Emanuel Exports’ live export licence has been cancelled by the Agriculture Department, following an investigation into potential breaches of the Meat and Livestock Industry Act.
The company’s licence had been suspended until now, after footage onboard the live export vessel Awassi Express in August 2017 was shown on 60 Minutes in April.
“The Department has made this decision in accordance with the requirements of the Australian Meat and Livestock Industry Act 1997, and has taken action against this company in the best interests of the industry and for the protection of Australia’s high standards of animal welfare and health,” said a statement issued late Tuesday night.
“Cancellation of licence is a serious step and is not one taken lightly. The Department is satisfied that this is the most appropriate response.”
Emanuel Exports had been issued a show cause notice by the Department.
The images from Awassi showed sheep dying from severe heat stress and in filthy conditions, while the vessel was on its way to the Middle East.
The Department said at the time it was investigating allegations of overstocking of the vessel, failing to have sufficient food and water available, injury and illness not being treated and accredited veterinarians and stockmen leaving the vessel prior to completion of unloading.
In May, Agriculture Minister David Littleproud committed to implement the full suite of recommendations from the McCarthy Review into live exports, which he commissioned following the Awassi controversy.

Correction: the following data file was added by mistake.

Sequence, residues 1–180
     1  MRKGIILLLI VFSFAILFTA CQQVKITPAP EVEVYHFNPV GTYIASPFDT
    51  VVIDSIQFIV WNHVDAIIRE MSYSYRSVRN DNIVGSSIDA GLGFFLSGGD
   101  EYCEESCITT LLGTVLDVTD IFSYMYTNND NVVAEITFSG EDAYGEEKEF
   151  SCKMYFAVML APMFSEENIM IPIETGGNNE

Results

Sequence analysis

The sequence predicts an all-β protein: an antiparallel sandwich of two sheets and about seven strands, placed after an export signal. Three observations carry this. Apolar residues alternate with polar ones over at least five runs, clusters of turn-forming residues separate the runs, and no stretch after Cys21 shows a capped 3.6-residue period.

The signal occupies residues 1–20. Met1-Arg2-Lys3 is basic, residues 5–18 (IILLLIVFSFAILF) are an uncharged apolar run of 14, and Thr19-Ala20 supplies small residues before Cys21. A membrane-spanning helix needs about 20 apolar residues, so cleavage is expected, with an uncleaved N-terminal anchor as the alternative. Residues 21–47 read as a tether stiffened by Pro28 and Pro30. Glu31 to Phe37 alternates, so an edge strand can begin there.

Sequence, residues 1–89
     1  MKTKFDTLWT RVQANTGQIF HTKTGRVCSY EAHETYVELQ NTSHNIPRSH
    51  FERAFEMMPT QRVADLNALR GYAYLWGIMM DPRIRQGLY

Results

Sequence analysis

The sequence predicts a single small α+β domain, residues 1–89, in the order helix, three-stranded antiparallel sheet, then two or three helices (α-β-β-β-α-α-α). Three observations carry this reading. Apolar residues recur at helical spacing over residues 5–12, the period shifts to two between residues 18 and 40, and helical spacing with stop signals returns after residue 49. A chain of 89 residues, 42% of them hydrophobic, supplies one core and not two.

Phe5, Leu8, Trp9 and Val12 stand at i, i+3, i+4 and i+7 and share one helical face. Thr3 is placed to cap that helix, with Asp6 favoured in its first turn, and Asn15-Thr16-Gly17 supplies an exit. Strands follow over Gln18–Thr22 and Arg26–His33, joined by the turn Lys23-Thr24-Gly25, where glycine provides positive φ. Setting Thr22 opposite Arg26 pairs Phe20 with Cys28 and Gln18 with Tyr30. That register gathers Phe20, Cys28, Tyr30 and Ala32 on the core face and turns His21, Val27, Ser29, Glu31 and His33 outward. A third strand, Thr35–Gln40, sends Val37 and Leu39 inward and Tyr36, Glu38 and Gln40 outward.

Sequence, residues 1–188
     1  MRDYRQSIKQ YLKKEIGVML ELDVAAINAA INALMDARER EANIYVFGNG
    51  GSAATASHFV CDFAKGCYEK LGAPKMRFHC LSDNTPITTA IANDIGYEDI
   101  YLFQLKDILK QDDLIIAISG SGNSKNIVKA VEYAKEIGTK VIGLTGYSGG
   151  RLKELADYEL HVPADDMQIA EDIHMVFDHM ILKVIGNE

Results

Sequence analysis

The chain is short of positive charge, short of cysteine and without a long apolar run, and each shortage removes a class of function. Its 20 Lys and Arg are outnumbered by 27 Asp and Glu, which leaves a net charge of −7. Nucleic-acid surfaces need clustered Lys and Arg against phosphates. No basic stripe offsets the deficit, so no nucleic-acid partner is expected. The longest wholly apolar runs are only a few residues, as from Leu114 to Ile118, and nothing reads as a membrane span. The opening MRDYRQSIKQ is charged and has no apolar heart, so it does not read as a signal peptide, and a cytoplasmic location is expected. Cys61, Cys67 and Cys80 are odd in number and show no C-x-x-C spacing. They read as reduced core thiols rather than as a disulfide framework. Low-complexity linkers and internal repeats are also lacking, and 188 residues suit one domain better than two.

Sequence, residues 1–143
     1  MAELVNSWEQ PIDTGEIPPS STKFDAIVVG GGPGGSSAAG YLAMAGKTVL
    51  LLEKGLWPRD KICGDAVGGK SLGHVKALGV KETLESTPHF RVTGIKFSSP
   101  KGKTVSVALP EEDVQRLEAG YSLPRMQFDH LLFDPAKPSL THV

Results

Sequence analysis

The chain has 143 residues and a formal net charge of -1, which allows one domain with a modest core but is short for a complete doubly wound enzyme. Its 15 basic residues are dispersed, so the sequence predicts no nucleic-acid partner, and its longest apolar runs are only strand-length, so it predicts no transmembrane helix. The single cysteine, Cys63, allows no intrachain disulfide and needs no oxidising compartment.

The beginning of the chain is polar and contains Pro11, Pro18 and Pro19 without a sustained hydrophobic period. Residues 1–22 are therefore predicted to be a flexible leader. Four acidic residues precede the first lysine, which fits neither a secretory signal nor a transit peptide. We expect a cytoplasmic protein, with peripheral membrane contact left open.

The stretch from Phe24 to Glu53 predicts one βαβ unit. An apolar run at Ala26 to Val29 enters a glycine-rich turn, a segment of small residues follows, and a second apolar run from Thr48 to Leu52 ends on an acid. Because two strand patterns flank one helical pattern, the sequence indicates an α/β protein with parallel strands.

More to come
Statement from the Federal Department of Agriculture
Following a thorough investigation and show cause process, the Department of Agriculture and Water Resources has cancelled the livestock export licence of Emanuel Exports Pty Ltd.
The department has made this decision in accordance with the requirements of the Australian Meat and Livestock Industry Act 1997, and has taken action against this company in the best interests of the industry and for the protection of Australia’s high standards of animal welfare and health.
It is the responsibility of each exporter to ensure it meets the clear requirements under the legislation that governs the export of livestock. These are set out in section 23 of the Act. Importantly, this includes providing complete, accurate information to the regulator as to how regulatory standards and licence conditions will be met and have been met.
Failure to meet these requirements significantly undermines the legislative regime and, in turn, compromises the ability of the industry to export livestock in a manner that ensures the health and welfare of livestock.
Cancellation of licence is a serious step and is not one taken lightly. The department is satisfied that this is the most appropriate response.
The department will not provide further comment on this matter at this stage.
The Australian Government supports a sustainable livestock trade and expects exporters to meet their animal health and welfare responsibilities.
The department is implementing a series of changes to improve the sustainability of the trade with improved animal welfare outcomes. This includes those changes recommended by Dr Michael McCarthy in his review of the conditions for the export of sheep to the Middle East during the northern hemisphere summer.
The department stands ready to consider applications from exporters that meet the animal health and welfare standards required by the legislation.